If she means creation of regional agreements, eg with the Commonwealth, that is nice but they too will take years and what is the trade gain in value? The EU market (sans the UK) is still the most lucrative one in the world, ahead of the US. 

If she means bilateral trade deals, well many are doing such already and they, too, take years. And she does not have the trade negotiators for it.

Plus, trade usually covers just goods, what about the City's and UK services export needs?

Theresa May needs to come up with answers and do it fast.

Sunday, September 25, 2016

Brexit for the City and UK services

Liam Fox pointed out this week:

- "First, if we take the top 10 markets where the UK has a trade surplus only one of them, Ireland, is in the EU.

- "And if we look at the 10 markets with which the UK has a trade deficit, seven out of the 10 are in the EU. It is, therefore, very much in the interests of other EU states that Britain and they makes a success of Brexit and our new relationship."

That implies that the EU will want to strike a good trade deal with the UK.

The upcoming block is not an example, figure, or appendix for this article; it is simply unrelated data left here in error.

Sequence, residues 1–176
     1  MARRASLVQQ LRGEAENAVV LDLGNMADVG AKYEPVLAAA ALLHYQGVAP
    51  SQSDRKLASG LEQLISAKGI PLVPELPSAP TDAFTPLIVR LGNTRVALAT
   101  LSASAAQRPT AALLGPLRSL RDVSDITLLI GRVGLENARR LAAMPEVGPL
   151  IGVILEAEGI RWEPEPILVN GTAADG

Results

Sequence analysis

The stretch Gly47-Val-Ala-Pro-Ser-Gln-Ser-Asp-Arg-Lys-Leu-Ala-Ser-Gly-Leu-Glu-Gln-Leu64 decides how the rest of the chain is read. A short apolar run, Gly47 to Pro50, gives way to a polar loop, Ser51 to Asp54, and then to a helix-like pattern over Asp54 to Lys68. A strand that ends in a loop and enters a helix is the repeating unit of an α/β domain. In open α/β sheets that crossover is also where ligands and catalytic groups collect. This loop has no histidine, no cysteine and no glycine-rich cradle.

That's fair enough. The EU has a good trade of goods deal with Serbia. Also Canada.

But will a trade deal cover the needs of the City and services exporters? That is the 1 trillion pound question!

Meanwhile, two European finance ministers offered to give Boris Johnson free tutoring on the EU Lisbon Treaty after he claimed that freedom of movement is not an integral part of the EU Single Market.

It is clear that the UK cannot achieve the access Norwegians services have in the EU market without offering free movement as part of the deal.

Without free movement it can get some sort of deal bu nothing that emulates that type of access for the City and for other UK services.


Services is what turns a goods trade deficit into a surplus for goods+services.

Wednesday, September 21, 2016

Theresa May's Borders